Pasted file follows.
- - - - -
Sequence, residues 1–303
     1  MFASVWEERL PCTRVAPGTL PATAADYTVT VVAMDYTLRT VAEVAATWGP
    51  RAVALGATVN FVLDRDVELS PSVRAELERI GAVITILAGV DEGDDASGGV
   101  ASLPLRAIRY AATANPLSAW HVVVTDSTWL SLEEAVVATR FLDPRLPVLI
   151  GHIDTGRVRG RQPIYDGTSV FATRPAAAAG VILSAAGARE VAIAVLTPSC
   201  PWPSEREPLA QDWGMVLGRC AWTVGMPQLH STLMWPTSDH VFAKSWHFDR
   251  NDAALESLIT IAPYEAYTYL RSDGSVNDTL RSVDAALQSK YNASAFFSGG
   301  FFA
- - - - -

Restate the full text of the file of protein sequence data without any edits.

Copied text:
Sequence, residues 1–303
     1  MFASVWEERL PCTRVAPGTL PATAADYTVT VVAMDYTLRT VAEVAATWGP
    51  RAVALGATVN FVLDRDVELS PSVRAELERI GAVITILAGV DEGDDASGGV
   101  ASLPLRAIRY AATANPLSAW HVVVTDSTWL SLEEAVVATR FLDPRLPVLI
   151  GHIDTGRVRG RQPIYDGTSV FATRPAAAAG VILSAAGARE VAIAVLTPSC
   201  PWPSEREPLA QDWGMVLGRC AWTVGMPQLH STLMWPTSDH VFAKSWHFDR
   251  NDAALESLIT IAPYEAYTYL RSDGSVNDTL RSVDAALQSK YNASAFFSGG
   301  FFA